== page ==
Sandberg Speaks on “Ambition Gap”

Amanda Golden

On Friday, April 5, Colgate University welcomed Sheryl Sandberg, Chief Operating Officer (COO) of Facebook and New York Times bestselling author of “Lean In: Women, Work, and the Will to Lead,” to kick off Entrepreneur Weekend. Sandberg hosted a 25 minute keynote address followed by 25 minutes of audience questions at Cotterell Court. The lecture was originally planned to be held in the University Chapel, but was moved due overwhelming number of interested students. Attendees of Sandberg’s talk received a complimentary copy of her new book, and the address was also live-streamed online for those who were unable to attend.

In between some of the earlier events of her day on campus, Sandberg took a few minutes to focus on Colgate specifically.

“I think [Lean In] circles can be really important in college and I really think, even in college, that we don’t spend enough time in a very structured peer-based way thinking about what we really want,” Sandberg said. “There’s a lot of evidence saying that peer mentoring is super important because peers can be some of our best mentors.”

Sandberg expressed how some of her biggest moments were guided by peer insights.

“In my life, there were times when people who I thought were my mentors told me not to join Google, but it was my peers that said to join Google and Facebook, so some of the best advice can come from peers,” Sandberg said.

Members of the Colgate community who heard Sandberg’s ideas reacted in differing ways, but overall seemed to acknowledge the merit behind

her messages.

Senior Morgan Roth, who attended the session in which Sandberg addressed the Women in Business group, shared her insights on how she felt

Sandberg came across.

“I found the most interesting part of Sandberg’s talk to be when she addressed how Lean In could be applied to Colgate,” Roth said. “At one point, she deferred to President Herbst, who said that the administration has and will try to support women on campus. Although I think he meant it genuinely, Colgate has failed us in this respect. Colgate has institutionalized gender inequality that obstructs female empowerment.”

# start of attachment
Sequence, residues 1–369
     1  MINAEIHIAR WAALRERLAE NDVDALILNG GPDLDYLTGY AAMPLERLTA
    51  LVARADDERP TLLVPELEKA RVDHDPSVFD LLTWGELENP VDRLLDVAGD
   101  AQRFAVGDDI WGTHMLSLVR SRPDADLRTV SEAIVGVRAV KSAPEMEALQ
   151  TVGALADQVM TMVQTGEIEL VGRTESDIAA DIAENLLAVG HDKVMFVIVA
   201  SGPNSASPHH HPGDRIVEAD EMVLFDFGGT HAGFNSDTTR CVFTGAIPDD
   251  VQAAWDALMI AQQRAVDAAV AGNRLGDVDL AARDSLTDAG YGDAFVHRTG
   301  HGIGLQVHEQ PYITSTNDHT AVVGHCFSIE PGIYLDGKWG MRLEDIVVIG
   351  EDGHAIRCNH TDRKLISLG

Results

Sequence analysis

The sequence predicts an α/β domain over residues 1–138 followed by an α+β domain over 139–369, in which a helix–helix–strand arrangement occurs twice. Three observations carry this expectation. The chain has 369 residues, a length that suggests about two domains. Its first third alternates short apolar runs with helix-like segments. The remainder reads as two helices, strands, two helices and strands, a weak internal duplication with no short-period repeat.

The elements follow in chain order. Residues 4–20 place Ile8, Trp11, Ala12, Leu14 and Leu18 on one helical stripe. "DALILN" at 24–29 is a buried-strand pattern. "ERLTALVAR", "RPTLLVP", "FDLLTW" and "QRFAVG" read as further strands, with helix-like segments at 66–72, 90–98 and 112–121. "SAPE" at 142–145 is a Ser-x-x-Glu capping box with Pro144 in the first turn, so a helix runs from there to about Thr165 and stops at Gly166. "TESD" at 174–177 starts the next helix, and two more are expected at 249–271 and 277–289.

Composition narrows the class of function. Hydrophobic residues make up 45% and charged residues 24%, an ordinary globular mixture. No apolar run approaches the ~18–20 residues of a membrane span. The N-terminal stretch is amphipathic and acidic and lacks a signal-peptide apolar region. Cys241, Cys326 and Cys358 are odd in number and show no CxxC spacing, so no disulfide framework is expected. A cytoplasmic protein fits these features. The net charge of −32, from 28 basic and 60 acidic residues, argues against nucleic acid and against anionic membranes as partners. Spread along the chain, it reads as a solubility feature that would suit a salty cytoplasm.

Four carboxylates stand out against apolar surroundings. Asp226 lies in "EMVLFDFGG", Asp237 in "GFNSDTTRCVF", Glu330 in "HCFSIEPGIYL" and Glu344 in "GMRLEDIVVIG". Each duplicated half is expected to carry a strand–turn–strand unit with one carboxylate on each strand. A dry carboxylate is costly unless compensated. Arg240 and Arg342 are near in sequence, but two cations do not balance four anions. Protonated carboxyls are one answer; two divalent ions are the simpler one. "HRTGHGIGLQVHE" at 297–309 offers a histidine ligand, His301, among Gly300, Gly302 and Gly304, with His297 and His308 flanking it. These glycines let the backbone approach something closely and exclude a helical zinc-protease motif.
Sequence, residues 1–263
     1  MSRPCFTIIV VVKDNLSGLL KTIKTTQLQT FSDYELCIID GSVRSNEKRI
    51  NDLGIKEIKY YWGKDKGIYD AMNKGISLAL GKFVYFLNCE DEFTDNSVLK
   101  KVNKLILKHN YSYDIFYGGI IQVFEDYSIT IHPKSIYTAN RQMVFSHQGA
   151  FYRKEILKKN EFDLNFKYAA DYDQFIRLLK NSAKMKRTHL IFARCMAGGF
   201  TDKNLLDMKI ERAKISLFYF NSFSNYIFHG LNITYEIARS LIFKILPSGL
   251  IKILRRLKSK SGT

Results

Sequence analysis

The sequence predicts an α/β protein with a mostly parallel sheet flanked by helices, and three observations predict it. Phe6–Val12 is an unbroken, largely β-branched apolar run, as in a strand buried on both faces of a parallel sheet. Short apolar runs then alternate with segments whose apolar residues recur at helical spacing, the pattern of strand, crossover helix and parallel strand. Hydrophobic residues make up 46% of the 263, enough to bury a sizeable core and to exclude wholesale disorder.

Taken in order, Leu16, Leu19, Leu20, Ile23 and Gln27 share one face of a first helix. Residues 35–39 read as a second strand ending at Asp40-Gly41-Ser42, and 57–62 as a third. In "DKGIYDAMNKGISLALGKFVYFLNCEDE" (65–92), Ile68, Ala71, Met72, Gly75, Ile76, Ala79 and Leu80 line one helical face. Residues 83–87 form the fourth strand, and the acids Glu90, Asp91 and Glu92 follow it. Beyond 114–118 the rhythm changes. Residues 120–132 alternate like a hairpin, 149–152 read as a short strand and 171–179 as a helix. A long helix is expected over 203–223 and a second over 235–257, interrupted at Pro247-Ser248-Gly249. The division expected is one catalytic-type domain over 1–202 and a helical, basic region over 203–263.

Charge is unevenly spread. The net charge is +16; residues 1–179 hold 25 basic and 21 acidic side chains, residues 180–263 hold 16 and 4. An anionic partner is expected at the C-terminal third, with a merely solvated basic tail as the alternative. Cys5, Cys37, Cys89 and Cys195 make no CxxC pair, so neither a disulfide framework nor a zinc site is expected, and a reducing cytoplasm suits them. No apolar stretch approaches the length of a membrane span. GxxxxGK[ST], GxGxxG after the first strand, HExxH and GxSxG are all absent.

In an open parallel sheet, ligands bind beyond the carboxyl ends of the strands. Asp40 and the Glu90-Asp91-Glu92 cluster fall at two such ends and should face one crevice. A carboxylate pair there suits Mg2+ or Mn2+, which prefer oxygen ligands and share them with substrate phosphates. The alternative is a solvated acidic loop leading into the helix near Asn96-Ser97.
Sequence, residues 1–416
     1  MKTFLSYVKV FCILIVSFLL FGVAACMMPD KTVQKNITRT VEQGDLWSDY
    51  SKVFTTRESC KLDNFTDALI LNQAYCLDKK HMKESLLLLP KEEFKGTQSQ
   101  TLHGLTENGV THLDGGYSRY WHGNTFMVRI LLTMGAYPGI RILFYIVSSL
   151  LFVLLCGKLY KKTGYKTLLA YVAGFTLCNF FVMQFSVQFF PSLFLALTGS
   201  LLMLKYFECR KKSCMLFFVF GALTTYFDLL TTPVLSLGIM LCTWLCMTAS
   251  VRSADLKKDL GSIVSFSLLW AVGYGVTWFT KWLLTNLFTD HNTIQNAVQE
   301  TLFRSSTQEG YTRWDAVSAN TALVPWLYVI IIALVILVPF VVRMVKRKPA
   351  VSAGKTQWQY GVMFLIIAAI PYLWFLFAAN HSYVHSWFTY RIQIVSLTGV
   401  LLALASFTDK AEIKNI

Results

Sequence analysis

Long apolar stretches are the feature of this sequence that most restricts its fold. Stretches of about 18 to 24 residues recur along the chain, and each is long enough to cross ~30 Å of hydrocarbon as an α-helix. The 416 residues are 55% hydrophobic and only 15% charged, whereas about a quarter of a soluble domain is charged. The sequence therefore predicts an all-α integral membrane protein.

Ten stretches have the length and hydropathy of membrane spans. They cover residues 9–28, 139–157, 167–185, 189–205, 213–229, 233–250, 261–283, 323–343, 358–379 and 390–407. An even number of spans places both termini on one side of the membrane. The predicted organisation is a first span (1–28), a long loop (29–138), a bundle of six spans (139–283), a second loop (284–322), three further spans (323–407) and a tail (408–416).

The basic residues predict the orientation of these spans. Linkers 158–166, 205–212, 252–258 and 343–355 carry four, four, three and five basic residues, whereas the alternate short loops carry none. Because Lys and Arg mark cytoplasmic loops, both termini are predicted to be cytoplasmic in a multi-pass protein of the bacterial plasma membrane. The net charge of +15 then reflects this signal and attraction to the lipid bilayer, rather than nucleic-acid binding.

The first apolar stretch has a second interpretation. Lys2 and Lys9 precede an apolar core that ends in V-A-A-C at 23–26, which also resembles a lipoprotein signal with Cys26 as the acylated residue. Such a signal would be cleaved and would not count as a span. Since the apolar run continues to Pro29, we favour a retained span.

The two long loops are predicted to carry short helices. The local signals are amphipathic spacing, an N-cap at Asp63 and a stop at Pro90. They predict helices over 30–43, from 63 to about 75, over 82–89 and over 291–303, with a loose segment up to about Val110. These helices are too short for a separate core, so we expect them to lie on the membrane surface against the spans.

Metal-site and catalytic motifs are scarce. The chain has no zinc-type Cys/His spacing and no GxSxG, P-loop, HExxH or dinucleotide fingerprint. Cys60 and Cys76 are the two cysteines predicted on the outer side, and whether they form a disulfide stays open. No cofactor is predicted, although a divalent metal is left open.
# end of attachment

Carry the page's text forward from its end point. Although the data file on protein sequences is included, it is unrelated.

“I think the other thing is for women, we need to make deliberate decisions,” Sandberg said.

“There are too many messages out there saying what women can’t do; women can’t be professionals and have kids, women can’t do this, and we assume that men can do everything, and I think that that’s what we can change, by believing it can be different.”

She emphasized that her messages are not just for young female students as the target audience, but also for male students and administrative figures. When addressing what the administration at Colgate could do, Sandberg shared specific thoughts.

“For the administration, I think it’s really about embracing these same messages of equality and talking explicitly about gender issues,” Sandberg said.

At the keynote address, Sandberg articulated her goal to the audience.

“I’m here to only do one thing with our time together,” Sandberg said. “I’m here to give you not just the permission but the encouragement to stand up next time someone asks that question. And I want to do that for everyone – for the men as well as the women. But I particularly want to do that for the women. Because the blunt truth is that men still run the world, and I’m not sure that’s going all that well.”

Sandberg shared how she feels that persistent inequality hurts both men and women.

“It hurts us because our companies, our universities, our institutions, are not as efficient or productive as we could be,” Sandberg said.

Sandberg noted how such kinds of persistent inequality hurt women at home.

“We know that regardless of income level, no matter how active a mother is in a home, children are better off in a home if they have active and engaged fathers,” Sandberg said. “They have better emotional outcomes, educational outcomes, professional outcomes. We also know that marriages are happier, lower divorce rate, higher marital satisfaction, when housework is shared more evenly. And if that wasn’t good enough, they also have more sex.”

Sandberg shared how, relative to levels of performance, men and boys remember their performance slightly high, and women and girls remember their performance slightly low.